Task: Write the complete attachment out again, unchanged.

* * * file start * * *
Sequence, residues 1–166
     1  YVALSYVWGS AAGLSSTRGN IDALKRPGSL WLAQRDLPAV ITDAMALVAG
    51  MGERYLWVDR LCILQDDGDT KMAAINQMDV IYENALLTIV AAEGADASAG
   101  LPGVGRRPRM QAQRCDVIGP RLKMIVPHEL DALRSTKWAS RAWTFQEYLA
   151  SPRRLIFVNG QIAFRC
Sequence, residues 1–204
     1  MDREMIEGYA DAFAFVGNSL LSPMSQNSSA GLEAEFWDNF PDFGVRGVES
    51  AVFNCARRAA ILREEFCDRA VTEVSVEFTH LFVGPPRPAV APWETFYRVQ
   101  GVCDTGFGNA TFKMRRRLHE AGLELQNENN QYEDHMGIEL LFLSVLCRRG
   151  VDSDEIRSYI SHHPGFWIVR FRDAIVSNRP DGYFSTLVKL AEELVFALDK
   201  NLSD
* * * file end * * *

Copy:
Sequence, residues 1–166
     1  YVALSYVWGS AAGLSSTRGN IDALKRPGSL WLAQRDLPAV ITDAMALVAG
    51  MGERYLWVDR LCILQDDGDT KMAAINQMDV IYENALLTIV AAEGADASAG
   101  LPGVGRRPRM QAQRCDVIGP RLKMIVPHEL DALRSTKWAS RAWTFQEYLA
   151  SPRRLIFVNG QIAFRC
Sequence, residues 1–204
     1  MDREMIEGYA DAFAFVGNSL LSPMSQNSSA GLEAEFWDNF PDFGVRGVES
    51  AVFNCARRAA ILREEFCDRA VTEVSVEFTH LFVGPPRPAV APWETFYRVQ
   101  GVCDTGFGNA TFKMRRRLHE AGLELQNENN QYEDHMGIEL LFLSVLCRRG
   151  VDSDEIRSYI SHHPGFWIVR FRDAIVSNRP DGYFSTLVKL AEELVFALDK
   201  NLSD